Baby gaur only 6 months old lost a leg to a hunter snare and died in our care on January 8. She was trapped in the snare for several days, struggling to save herself, leaving her without her mother’s milk for 7 days. She finally tore her leg away from the snare, causing blood loss and a deep wound. She started wandering through the forest but fell unconscious on a cluster of rocks.
Alerted by a phone call, Wildlife Alliance’s rescue team and veterinarian rushed to Soriya village, 130 km away from Phnom Penh on the border of the Cardamom Mountains. Thanks to local community tourism guides, the injured gaur was finally located at the top of the mountain around midnight. Our team immediately evacuated her by carrying her on foot for 4 hours to reach the road where the truck was waiting. They arrived at Phnom Tamao Wildlife Rescue Centre by 06:00 am. The whole mission took around 20 hours.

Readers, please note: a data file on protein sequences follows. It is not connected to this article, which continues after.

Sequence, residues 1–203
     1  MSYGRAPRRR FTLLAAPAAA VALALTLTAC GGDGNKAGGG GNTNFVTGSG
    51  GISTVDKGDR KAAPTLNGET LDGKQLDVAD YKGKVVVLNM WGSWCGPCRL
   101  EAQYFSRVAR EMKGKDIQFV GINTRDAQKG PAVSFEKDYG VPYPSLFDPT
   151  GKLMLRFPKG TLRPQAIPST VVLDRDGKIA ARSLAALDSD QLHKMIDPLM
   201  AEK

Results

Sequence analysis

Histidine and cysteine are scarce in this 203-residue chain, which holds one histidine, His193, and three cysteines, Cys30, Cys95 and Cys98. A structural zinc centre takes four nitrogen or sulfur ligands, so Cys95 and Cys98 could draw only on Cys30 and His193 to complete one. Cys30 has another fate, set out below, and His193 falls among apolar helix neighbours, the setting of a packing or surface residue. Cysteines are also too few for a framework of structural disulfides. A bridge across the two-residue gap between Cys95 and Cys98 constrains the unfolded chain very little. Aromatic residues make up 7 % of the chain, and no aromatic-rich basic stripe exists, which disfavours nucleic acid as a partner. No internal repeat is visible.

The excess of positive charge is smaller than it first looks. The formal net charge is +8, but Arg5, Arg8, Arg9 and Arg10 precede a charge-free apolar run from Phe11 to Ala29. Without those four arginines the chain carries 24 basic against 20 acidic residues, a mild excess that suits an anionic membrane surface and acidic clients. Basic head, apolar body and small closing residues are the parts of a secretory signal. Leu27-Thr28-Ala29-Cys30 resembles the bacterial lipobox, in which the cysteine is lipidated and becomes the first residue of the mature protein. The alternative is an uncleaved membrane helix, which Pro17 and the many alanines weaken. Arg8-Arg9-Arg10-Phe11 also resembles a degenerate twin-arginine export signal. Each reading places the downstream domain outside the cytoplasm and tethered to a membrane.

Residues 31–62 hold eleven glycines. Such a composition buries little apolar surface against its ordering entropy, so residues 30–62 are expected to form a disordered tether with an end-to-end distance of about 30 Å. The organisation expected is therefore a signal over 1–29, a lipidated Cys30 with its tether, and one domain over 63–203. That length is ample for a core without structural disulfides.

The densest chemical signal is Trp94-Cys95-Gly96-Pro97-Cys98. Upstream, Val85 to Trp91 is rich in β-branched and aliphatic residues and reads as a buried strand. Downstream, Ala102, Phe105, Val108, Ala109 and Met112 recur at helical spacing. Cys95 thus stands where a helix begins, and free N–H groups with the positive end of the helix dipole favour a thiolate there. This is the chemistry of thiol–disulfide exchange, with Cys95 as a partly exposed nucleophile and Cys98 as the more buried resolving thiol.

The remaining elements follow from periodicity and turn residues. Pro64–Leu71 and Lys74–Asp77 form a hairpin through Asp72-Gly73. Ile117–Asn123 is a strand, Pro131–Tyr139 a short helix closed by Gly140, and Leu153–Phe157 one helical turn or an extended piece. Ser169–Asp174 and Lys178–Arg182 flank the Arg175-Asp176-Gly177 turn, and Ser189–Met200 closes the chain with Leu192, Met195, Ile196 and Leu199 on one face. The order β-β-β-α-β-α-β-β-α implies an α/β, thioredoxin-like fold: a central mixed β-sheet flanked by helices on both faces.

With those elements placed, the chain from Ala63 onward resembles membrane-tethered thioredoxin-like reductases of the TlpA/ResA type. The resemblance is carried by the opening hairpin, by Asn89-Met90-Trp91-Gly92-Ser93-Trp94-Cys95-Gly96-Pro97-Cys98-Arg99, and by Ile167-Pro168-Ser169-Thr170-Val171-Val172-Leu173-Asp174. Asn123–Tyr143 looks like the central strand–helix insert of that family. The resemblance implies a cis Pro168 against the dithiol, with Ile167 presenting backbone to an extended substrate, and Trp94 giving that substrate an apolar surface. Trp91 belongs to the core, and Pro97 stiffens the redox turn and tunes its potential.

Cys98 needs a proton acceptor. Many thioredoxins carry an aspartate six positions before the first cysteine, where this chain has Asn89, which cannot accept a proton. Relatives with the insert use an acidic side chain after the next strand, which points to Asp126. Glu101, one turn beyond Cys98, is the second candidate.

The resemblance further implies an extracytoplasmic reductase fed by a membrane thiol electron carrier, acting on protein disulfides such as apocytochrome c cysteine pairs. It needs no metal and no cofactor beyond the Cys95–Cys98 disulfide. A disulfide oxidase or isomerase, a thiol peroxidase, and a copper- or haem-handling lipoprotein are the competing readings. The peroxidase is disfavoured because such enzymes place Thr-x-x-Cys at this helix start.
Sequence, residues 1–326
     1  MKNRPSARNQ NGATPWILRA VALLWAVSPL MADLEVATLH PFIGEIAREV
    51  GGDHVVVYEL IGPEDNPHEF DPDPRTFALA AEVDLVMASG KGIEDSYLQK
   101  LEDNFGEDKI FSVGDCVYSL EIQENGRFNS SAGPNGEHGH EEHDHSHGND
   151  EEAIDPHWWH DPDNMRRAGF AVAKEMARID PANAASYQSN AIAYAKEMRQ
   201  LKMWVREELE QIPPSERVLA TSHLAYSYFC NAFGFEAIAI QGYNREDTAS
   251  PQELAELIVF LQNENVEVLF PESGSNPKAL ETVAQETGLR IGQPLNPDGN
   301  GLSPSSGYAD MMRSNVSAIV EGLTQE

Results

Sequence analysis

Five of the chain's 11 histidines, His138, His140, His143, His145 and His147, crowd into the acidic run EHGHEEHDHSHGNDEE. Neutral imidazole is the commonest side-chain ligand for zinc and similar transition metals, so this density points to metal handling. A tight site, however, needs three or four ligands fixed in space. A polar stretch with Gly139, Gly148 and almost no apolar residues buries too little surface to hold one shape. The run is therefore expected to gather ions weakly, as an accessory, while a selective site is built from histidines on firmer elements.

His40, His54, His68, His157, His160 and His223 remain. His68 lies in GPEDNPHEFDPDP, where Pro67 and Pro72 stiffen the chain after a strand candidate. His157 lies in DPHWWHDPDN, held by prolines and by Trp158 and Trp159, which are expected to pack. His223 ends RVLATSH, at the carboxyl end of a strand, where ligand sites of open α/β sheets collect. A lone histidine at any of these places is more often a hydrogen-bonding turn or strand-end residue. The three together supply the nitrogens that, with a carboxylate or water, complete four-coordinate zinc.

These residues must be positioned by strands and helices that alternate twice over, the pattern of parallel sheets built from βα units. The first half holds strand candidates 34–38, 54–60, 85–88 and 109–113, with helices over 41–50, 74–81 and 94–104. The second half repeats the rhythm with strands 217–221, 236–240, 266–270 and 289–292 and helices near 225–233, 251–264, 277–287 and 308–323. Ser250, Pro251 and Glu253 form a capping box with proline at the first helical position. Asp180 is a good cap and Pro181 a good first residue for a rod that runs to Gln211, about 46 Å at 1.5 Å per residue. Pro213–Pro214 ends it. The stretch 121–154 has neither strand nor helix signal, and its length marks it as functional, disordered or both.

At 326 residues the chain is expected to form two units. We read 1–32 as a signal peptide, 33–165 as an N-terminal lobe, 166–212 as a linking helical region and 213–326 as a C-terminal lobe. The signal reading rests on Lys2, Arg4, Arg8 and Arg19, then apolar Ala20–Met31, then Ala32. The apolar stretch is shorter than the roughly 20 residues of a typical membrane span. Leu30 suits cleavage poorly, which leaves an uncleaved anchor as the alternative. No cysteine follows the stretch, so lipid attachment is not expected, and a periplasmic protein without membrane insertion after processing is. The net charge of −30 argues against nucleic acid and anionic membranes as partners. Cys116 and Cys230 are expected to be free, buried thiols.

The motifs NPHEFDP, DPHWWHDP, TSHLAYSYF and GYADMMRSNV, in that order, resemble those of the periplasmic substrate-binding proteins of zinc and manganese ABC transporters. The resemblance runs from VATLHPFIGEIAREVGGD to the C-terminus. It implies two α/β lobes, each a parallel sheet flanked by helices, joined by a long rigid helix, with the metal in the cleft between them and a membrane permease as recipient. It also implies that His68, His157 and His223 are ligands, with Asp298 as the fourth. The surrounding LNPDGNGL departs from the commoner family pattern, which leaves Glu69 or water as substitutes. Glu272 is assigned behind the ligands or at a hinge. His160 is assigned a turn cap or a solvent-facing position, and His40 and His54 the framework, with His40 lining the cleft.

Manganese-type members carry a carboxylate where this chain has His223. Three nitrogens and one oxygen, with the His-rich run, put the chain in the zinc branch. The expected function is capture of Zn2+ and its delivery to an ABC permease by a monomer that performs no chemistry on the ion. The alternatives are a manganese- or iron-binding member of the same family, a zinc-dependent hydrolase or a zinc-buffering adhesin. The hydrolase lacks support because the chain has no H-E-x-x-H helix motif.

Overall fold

The vets treated her wound and fed her milk, but it was too late, she was dehydrated and very weak. Without her mother’s milk, she grew weaker and weaker. When the rescue team found her, she was barely alive. The population of Gaurs has been listed as Vulnerable on the IUCN (The International Union for Conservation of Nature) Red List since 1986 and has declined by more than 70% during the last three generations.
This baby guar’s slow and tortured death is a high alert for our fellow Cambodians to be aware of the loss of Cambodia’s precious wildlife and stop eating wildlife meat.